Southern ties

Three printmakers, whose connection goes back almost 30 years, will open a joint exhibition at Frankton’s Te Atamira this Saturday, celebrating Southland.

‘Ko Murihiku Toku Whaea — Southern Mother’, features the work of Kyla Cresswell, Emma Riha Kitson and Kim Lowe, who met at the Dunedin School of Art in 1993.

They studied under acclaimed artist Marilyn Webb, who encouraged them to explore the depths of their ancestry an identities, value a connection to a place, and believe in their strengths and voices.

Each of the artists have a connection to Murihiku through whakapapa or family connections.

Kitson is a descendant of Kai Tahu ki Murihiku, while Cresswell and Lowe both grew up in Murihiku and are descendants of Southland settlers.

The works in their exhibition respond to the natural environment of the ‘great Southern mother’, Murihiku.

In a joint statement, they say there’s a feeling in the region of being ‘‘lightly tethered to the wild land beneath’’.

‘‘Vast skies, far-reaching horizon lines, and expansive sea.

‘‘Inland, landforms loom high, and mountain caps feed the bitterly cold awa.

‘‘The rich resources of the area have attracted generations of people, however, the harsh climate has put off just as many.

‘‘Among Southlanders exists a strong social fabric, and your whakapapa — along with the weather — is often the first topic of introduction.’’

For each, the printmaking process allows different forms of expression — Kitson loves its connections to historical revolutionary movements and the technical possibilities for play and experimentation, while Cresswell enjoys the progression from mark-making to the printed image, and the distinctive elements each process gives to the end result.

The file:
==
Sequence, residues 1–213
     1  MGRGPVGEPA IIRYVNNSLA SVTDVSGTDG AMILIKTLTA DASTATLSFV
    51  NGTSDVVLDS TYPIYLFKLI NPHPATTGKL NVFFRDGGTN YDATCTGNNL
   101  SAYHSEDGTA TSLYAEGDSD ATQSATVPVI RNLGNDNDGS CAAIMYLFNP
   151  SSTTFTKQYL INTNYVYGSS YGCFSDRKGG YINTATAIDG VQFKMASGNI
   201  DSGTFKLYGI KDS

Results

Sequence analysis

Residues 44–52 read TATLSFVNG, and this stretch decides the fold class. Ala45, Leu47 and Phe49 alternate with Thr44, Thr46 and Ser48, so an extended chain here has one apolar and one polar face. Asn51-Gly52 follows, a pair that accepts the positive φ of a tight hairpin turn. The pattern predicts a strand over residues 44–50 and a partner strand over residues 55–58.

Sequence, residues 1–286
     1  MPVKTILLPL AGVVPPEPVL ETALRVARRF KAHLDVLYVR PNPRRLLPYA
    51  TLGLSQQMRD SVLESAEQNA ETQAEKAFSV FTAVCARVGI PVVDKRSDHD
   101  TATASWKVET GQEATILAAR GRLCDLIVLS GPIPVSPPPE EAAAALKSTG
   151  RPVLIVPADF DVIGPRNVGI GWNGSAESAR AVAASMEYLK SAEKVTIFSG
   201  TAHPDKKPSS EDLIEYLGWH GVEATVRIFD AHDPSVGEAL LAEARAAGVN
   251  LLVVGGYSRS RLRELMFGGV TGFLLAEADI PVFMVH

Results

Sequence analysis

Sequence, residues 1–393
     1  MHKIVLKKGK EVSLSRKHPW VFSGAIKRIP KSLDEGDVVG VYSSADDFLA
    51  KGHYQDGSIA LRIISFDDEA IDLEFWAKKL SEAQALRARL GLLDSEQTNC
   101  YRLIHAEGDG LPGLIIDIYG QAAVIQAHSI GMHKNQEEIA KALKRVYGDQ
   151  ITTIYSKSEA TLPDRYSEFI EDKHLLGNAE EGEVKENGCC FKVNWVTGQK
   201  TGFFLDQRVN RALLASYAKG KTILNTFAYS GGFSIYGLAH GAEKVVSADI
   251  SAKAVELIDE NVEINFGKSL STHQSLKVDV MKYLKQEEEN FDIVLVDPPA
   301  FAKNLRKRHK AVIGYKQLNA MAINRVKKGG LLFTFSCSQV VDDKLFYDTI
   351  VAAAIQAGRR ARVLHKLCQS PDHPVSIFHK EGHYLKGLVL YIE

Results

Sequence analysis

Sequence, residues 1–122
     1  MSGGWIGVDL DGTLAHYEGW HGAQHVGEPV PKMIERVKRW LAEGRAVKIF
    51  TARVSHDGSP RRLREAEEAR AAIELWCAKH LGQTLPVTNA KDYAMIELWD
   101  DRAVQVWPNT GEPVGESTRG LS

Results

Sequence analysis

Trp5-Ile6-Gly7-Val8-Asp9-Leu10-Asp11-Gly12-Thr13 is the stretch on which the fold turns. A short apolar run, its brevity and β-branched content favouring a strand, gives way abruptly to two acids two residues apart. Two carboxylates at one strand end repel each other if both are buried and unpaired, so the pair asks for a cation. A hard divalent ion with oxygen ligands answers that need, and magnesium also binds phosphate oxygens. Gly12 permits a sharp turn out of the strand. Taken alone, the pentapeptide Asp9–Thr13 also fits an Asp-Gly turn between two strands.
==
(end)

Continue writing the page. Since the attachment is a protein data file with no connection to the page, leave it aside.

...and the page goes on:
For Lowe, it’s all about working in reverse and taking tiny steps, following a traditional and time-laden process.

Te Atamira development director Olivia Egerton says they’re excited to showcase the way three well-known printmakers explore the local environment.

‘‘We are so fortunate to be sitting underneath the mighty Kawarau, so to have an exhibition that explores our distinctive and natural surroundings is really exciting,’’ she says.

The exhibition opens with an artists’ talk on Saturday, from 11am, then Lowe will host an ink workshop this Sunday, from 11am, while Cresswell will hold an introduction to drypoint on August 27 and 28, both starting at 10am.

The exhibition runs till September 14.

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